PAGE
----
Many prominent figures praised Hitler for his loyalty to Germany, decisiveness and courage in suppressing supposed treason by Rohm and his followers. Those who disagreed stayed silent for obvious reasons.
The purge represented a triumph for Hitler and a turning point for the German government. It established Hitler as "the supreme leader of the German people", as he put it in his July 13 speech. Any opposition there might have been to Hitler was swept away as opponents feared for their lives.
The Night of the Long Knives:
The purge had been codenamed Operation Hummingbird by those involved, a name chose at random. The Nazi regime referred to it as the Rohm Putsch, even though the only evidence of a proposed coup had been manufactured.
In his speech on 13 July 1934, Hitler gave the purge the name Night of the Long Knives.
Although it has been suggested that the phrase was from a popular Nazi song, no such song, song lyrics or references to the song have been identified.
What is more likely is that the phrase was already in existence, based on a much earlier reprisal that is known to history as The Treachery of the Long Knives. It also makes more sense since the SS executions of the SA leaders were by firearms, not by swords “(long knives”).
The Treachery of the Long Knives:
After the end of Roman rule in Britain, according to the tradition, Vortigern, became king of the Britons.
In the 5th century he allowed Anglo-Saxons under the leadership of Hengist to settle in a small area and offered them additional provisions in exchange for their service as mercenaries against incursions by Picts and Gaels. The settlers, however, manipulated Vortigern into allowing them to increase their numbers and granting them more land, eventually including all of the Kingdom of Kent.
The Treachery of the Long Knives is said to have taken place in the 5th century but, not surprisingly, there is no contemporary account. Instead, its description comes from the 9th century Historia Brittonum, attributed to the Welsh historian Nennius, which was a compilation in Latin of various older materials (some of which were historical and others mythic or legendary).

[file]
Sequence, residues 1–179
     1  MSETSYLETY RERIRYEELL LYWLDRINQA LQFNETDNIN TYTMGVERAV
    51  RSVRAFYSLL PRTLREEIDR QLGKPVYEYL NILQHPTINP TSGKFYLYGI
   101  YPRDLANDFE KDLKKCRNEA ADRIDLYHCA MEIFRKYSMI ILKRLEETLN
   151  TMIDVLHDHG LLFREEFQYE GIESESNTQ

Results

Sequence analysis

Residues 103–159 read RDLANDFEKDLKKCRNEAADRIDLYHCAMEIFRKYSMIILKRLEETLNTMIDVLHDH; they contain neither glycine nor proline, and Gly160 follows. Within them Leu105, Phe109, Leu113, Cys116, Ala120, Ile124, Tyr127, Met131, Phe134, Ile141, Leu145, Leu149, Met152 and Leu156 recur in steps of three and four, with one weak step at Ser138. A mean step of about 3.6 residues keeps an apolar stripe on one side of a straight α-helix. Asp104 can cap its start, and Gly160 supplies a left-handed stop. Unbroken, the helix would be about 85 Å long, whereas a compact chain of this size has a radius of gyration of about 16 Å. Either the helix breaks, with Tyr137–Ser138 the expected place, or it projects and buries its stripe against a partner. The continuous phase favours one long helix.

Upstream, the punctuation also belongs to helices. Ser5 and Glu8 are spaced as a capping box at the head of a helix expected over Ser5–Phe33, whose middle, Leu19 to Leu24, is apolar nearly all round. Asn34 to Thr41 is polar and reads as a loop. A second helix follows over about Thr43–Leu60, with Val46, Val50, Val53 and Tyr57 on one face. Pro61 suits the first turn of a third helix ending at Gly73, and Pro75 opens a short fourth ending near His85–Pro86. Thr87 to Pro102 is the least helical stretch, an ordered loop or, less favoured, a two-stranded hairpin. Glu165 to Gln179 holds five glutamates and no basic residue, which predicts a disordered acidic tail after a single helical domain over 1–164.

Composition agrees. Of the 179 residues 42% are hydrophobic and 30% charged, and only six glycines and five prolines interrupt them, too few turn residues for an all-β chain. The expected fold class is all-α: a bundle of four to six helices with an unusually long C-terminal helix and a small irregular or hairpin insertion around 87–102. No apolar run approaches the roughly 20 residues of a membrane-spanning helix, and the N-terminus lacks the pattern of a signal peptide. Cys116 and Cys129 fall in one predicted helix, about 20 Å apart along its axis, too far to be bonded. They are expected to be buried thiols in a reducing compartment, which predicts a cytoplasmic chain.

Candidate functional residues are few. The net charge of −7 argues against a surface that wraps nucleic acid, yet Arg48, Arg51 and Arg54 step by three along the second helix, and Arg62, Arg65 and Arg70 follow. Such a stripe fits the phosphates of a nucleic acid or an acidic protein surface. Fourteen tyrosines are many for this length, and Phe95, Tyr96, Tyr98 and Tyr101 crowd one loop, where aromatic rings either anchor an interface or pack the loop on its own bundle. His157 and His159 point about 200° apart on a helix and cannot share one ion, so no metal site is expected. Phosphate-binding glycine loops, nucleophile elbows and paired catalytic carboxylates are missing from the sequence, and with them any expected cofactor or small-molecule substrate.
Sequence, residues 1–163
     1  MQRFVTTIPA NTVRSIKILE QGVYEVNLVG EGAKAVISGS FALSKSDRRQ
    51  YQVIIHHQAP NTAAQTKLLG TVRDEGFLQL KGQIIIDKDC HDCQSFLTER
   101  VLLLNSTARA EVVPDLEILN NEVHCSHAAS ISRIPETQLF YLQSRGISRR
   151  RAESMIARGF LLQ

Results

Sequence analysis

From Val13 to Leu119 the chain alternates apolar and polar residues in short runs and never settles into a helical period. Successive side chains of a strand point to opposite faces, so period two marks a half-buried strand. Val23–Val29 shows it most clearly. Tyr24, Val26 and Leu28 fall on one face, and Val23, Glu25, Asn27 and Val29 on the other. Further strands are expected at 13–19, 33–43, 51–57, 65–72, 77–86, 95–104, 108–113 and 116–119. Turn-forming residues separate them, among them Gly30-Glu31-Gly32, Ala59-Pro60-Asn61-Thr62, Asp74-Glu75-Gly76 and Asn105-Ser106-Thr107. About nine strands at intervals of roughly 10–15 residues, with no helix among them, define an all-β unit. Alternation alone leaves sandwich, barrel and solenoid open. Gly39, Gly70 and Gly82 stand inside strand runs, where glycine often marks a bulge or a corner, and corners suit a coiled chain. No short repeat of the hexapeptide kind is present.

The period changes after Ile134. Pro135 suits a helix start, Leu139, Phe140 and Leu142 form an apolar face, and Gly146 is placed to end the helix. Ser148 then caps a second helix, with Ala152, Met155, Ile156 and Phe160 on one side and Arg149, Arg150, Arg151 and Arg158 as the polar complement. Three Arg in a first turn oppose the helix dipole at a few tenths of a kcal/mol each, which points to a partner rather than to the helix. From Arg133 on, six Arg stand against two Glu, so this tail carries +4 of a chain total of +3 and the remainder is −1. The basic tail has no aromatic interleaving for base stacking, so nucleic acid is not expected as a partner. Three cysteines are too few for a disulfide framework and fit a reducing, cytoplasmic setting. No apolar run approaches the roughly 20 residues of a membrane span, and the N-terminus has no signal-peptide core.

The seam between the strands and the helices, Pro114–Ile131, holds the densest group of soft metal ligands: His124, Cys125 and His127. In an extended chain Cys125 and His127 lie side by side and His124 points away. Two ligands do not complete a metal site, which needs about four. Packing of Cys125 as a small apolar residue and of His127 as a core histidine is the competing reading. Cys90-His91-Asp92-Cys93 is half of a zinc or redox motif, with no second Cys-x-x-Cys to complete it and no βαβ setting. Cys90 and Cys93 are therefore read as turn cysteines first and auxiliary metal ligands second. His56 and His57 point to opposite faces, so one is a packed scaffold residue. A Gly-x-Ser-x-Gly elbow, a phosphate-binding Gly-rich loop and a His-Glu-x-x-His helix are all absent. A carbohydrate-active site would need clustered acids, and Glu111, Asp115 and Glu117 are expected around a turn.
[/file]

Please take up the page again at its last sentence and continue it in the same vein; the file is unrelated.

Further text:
This is a literal translation of the Latin, with the sections in square brackets being supplied from a later edition:
It happened however after the death of Vortimer, son of King Vortigern, and after the return of Hengist with his forces, they called for a false Council, so that they might work sorrow to Vortigern with his army. For they sent legates to ask for peace, that there might be perpetual friendship between them. So Vortigern himself with the elders by birth of his people [considered the matter and carefully thought over what they might do. And the same] opinion was with them all, that they should make peace, and their legates went back and afterwards called together the conference, so that on either side the Britons and Saxons (Brittones et Saxones) should come together as one without arms, so that friendship should be sealed.
And Hengistus ordered the whole of his household that each one should hide his knife (artavum) under his foot in the middle of his shoe. 'And when I shall call out to you and say "Eu nimet saxas" (Hey, draw your swords!), then draw your knives (cultellos) from the soles of your shoes, and fall upon them, and stand strongly against them. And do not kill their king, but seize him for the sake of my daughter whom I gave to him in matrimony, because it is better for us that he should be ransomed from our hands.' And they brought together the conference, and the Saxons, speaking in a friendly way, meanwhile were thinking in a wolvish way, and sociably they sat down man beside man (i.e. Saxon beside Briton). Hengistus, as he had said, spoke out, and all the three hundred elders of King Vortigern were slaughtered, and only he was imprisoned, and was chained, and he gave to them many regions for the ransom of his soul (i.e. life), that is Est Saxum, Sut saxum [, Middelseaxan, with other districts under his control which they named.]
Does it remind anyone else of the Red Wedding in Game of Thrones? Maybe that is what inspired the Red Wedding storyline.
Although the historical reality of the event is conjectural, it has been noted that ancient bardic songs, which were purposed for the recording of history and telling of tales, all testify of the accuracy of this event.
In referring to the Rohm purge as the Night of the Long Knives, Hitler may well have been more correct than was thought. Hitler painted himself as the good guy, the protector of Germany against traitors, yet used a term that was associated with treachery when during a peace conference on Salisbury plain, the Saxons drew long knives (seax) from their boots and killed the British nobility. Not nice.